Run in Web Farm
This guide assumes that you have a load balancer that sits on top of a few machines. The /Portals folder is located on a shared network location so all machines share the same files (or other file synchronization mechanism).
The problem with the search engine is that there can be only one index writer. So there can be only one server that indexes the content. Choose the server that will do this:
- Go in Host > Schedule and set for the two SearchBoost schedulers (“Search Boost - Indexer” and “Search Boost - Query Content Sources”) the
Run on Serversproperty to the same server name.
Don’t manually index from a SearchBoost settings page as this could start on any server. Let SearchBoost incrementallly index by itself - you can manually fire the Search Boost - Query Content Sources schedule item.
Note: If you have a synchronization mechanism set it to ignore “write.lock” files.
If you are using FileBasedCachingProvider, add the setting “IsWebFarm” in web.config as follows:
<add key="IsWebFarm" value="true" />
- If you are using a different caching provider, make sure it also has the property “IsWebFarm” to set to ‘true’ in the configuration. Otherwise, all the servers will try to index and sometimes you might end up with a corrupted index or other strange behaviors.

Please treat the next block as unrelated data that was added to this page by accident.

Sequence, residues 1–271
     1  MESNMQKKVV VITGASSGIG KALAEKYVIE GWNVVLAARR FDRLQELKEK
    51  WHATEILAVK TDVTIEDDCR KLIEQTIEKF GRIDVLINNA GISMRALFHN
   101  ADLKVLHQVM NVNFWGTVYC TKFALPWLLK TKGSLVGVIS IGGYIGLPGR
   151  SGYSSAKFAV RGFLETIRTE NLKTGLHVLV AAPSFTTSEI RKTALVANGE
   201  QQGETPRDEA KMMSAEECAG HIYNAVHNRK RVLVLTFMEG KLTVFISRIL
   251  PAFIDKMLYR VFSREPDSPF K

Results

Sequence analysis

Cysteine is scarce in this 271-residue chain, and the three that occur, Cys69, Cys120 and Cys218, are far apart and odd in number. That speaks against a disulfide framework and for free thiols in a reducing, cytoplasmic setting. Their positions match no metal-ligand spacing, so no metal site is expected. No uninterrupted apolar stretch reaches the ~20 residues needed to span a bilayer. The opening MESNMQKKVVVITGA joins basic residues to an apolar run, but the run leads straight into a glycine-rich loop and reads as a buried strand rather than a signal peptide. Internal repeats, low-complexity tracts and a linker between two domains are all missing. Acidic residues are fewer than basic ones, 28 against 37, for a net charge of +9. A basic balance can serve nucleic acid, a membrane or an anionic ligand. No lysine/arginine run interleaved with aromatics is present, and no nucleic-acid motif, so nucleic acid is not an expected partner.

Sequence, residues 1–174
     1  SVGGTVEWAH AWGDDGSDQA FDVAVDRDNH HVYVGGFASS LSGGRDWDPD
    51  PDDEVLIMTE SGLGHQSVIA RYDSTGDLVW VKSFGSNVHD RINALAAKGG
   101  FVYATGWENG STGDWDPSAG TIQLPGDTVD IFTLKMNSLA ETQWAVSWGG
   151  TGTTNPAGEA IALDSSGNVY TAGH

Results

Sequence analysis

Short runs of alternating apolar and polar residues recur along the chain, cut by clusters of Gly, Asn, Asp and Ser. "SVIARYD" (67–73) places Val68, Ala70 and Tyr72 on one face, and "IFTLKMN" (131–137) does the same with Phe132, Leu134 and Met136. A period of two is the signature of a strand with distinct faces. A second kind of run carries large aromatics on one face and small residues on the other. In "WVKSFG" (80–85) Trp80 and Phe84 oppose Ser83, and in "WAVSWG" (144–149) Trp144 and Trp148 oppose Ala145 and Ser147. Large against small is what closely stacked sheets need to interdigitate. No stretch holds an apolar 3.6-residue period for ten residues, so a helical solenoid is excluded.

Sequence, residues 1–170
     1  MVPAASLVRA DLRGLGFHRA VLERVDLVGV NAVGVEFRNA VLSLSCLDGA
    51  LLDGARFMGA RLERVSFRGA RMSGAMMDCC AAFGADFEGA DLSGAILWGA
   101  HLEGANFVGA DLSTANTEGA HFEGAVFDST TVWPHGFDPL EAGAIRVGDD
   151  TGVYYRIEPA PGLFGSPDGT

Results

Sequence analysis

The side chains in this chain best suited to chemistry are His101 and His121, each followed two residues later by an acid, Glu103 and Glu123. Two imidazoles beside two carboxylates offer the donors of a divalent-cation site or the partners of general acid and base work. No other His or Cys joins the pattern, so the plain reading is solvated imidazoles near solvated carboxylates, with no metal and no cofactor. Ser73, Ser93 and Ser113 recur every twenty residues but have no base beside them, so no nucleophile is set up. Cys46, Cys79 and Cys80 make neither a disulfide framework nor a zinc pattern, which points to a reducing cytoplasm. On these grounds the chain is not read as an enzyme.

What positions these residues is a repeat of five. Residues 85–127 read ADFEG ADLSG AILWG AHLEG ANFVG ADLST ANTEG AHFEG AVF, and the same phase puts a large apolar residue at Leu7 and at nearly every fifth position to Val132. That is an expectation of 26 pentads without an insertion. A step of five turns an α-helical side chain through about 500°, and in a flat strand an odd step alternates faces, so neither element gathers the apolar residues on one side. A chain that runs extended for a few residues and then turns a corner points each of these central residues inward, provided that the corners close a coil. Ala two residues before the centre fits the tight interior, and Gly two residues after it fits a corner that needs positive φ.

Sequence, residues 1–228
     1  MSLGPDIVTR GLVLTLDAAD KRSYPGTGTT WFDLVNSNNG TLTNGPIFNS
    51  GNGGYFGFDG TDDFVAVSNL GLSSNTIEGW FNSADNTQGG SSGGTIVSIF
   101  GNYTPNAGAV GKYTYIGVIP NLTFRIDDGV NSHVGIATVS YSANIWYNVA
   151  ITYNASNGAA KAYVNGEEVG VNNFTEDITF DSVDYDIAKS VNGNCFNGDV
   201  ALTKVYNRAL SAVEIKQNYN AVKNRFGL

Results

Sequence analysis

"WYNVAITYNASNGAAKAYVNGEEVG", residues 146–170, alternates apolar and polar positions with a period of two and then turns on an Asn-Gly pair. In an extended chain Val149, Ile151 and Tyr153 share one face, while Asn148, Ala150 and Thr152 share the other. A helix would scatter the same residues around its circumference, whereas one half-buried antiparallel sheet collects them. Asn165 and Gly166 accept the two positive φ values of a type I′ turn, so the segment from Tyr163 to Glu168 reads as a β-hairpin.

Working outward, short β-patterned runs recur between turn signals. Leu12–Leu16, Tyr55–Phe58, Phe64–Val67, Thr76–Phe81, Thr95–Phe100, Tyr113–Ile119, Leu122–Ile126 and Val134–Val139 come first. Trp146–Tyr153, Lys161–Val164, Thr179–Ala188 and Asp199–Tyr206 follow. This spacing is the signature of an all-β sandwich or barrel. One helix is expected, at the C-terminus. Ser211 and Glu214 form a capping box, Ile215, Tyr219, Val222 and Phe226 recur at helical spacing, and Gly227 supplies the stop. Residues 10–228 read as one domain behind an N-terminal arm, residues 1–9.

In order to reach the master server from SearchBoost Admin:
- IIS ARR Server Affinity - Client Affinity must be enabled.
- The cookie name must be named “ARRAffinity”.
- Find the values for each server by checking the cookie in your web browser.
- Determine the values (IIS ARR module computes the cookie value as a hash of the server name, so it should be a fixed value for each server everytime).
- Take those values and set them as the UniqueId column value in the webservers table for the corresponding servers.
Starting with Search Boost Version 4 the module no longer uses the DNN Schedule; it has scheduled back-end tasks:
- QueryContentIntervalSeconds on every 10 minutes; it searches for new content to index
- ConsumeJobsIntervalSeconds on every 10 seconds; it actually indexes